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Does my loved one’s claim in a civil lawsuit terminate if he passed away during the proceedings? As the person in charge of settling your loved one’s estate, you may be faced with the task of stepping in to represent your loved one in an ongoing civil lawsuit. Whether your loved one was the defendant or the plaintiff, the damages that are ultimately awarded may be reduced as a result of the death. It is your job as the personal representative to ensure that these claims are handled properly.

Damages That May Be Reduced

Generally, lawsuits will survive the death of a party. That means that the estate will step in as the defendant or plaintiff in place of the decedent. In some cases, however, certain claims made in the case will not survive. Following are two such examples:

  1. Punitive damages. Claims that are made based on punitive damages rely on the legal concept of preventing future harm. If punitive damages are sought against a defendant who has passed away, they may no longer be available. A claim against your loved one for punitive damages may therefore terminate upon the passing away of the defendant.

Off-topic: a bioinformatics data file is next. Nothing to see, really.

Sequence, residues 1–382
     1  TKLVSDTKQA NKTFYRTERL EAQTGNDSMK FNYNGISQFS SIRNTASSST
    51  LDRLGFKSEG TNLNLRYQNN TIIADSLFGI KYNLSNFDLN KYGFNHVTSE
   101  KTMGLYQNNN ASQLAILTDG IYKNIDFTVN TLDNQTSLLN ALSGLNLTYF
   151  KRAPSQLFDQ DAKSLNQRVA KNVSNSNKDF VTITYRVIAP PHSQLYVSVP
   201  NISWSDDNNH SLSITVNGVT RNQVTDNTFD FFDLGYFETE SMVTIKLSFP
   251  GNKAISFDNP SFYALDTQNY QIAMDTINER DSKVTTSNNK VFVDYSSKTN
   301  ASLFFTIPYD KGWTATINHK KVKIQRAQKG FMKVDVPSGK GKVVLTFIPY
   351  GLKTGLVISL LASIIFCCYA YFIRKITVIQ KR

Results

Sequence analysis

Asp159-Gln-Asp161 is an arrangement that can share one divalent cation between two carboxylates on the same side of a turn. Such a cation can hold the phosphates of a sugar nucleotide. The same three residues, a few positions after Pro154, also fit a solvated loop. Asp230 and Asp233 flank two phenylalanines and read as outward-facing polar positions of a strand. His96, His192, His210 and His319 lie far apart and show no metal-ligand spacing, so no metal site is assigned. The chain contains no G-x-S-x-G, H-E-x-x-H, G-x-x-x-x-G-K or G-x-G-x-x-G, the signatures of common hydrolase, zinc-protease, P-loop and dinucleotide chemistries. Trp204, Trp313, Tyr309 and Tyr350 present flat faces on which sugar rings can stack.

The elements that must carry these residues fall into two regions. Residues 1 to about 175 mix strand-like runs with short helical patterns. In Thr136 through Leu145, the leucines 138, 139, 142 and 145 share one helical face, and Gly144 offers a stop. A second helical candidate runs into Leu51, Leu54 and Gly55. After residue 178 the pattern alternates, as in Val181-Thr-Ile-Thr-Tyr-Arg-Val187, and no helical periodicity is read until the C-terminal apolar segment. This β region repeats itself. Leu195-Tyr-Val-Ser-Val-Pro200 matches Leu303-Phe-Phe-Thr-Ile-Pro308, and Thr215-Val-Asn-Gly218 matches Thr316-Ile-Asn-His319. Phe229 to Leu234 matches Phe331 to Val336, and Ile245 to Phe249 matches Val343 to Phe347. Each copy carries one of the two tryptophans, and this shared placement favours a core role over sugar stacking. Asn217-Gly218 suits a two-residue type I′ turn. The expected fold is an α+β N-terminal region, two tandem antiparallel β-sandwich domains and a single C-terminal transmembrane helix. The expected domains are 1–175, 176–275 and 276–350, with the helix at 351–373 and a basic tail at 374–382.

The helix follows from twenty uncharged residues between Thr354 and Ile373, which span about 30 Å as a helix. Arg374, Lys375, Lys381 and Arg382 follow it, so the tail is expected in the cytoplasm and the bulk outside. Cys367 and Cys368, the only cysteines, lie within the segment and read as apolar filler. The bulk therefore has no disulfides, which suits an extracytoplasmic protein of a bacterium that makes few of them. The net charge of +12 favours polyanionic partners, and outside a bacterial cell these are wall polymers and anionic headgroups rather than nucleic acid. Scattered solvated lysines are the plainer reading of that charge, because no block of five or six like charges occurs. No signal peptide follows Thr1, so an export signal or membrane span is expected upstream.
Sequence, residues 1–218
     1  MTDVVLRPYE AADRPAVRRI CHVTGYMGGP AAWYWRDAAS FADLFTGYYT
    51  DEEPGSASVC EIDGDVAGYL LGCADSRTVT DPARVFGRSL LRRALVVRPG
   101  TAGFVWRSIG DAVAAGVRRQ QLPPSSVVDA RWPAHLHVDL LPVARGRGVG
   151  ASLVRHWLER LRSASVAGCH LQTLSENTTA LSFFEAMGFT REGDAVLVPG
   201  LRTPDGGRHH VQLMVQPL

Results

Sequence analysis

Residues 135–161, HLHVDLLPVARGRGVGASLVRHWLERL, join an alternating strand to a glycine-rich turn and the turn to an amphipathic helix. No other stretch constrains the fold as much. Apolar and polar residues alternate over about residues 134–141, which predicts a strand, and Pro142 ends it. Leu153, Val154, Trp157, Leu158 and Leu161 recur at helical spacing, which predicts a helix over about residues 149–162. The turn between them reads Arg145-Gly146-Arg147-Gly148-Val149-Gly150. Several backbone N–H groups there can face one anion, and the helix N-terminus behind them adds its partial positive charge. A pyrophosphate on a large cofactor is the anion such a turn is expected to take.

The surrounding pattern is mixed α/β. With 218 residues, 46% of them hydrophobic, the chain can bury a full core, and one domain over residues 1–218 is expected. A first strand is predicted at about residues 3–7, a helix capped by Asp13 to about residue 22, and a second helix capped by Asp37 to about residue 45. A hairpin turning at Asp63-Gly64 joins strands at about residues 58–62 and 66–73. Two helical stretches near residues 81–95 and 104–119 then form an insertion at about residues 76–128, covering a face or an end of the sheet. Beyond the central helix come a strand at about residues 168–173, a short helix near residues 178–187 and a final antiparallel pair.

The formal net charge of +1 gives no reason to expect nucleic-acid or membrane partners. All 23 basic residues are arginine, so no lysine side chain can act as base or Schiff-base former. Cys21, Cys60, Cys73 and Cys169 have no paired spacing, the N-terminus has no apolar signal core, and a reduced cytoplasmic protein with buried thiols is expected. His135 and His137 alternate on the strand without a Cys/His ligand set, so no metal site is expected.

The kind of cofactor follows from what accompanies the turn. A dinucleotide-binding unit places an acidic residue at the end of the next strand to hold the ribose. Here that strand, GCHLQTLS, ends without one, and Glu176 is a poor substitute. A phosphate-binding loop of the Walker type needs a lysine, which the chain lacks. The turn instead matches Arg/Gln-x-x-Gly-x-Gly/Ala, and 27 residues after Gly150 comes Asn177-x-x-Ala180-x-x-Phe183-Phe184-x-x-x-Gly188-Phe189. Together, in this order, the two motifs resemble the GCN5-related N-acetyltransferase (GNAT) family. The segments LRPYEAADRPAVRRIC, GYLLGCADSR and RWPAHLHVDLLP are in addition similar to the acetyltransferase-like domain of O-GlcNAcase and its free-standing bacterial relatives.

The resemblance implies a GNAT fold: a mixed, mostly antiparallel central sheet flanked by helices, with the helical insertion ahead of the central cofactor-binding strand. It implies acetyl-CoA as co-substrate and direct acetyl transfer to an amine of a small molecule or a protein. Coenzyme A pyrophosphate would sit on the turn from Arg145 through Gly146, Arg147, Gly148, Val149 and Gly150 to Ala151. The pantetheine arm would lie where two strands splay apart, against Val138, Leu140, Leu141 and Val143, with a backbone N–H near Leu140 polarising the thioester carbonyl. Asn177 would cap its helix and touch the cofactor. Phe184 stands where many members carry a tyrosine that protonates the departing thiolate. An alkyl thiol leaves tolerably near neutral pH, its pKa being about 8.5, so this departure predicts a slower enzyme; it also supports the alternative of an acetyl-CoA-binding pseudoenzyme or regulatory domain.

1. Pain and suffering. Claims that are seeking damages for pain and suffering may also terminate upon the death of the plaintiff in the lawsuit. Pain and suffering damages are designed to compensate a plaintiff for his ongoing pain as a result of the cause of action. If your loved one passed away during the lawsuit, theoretically his pain has now ended.

Does my loved one’s claim in a civil lawsuit terminate if he passed away during the proceedings? As you can see, for certain types of claims, the amount of damages that the estate may receive or be obligated to pay may be reduced as a result of your loved one’s death. These issues are often complex but an experienced attorney can alleviate much of the burden of trying to determine the best course of action. Are you ready to learn more? Start a live chat with us today!

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Due to the CoVid19 virus California has issued a Stay-at-Home order. We understand how important the health and safety of our clients, and our staff is. We are complying with this order by continuing to work from our homes. While we are not in the office, we are still here to answer your questions, conducting consultations for review, and initial appointments by phone and email during normal business hours. We know that in this time, more than ever, it is important to have peace of mind about your estate planning. We are here to help you through this. Call our office number or email us and we will respond as quickly as possible.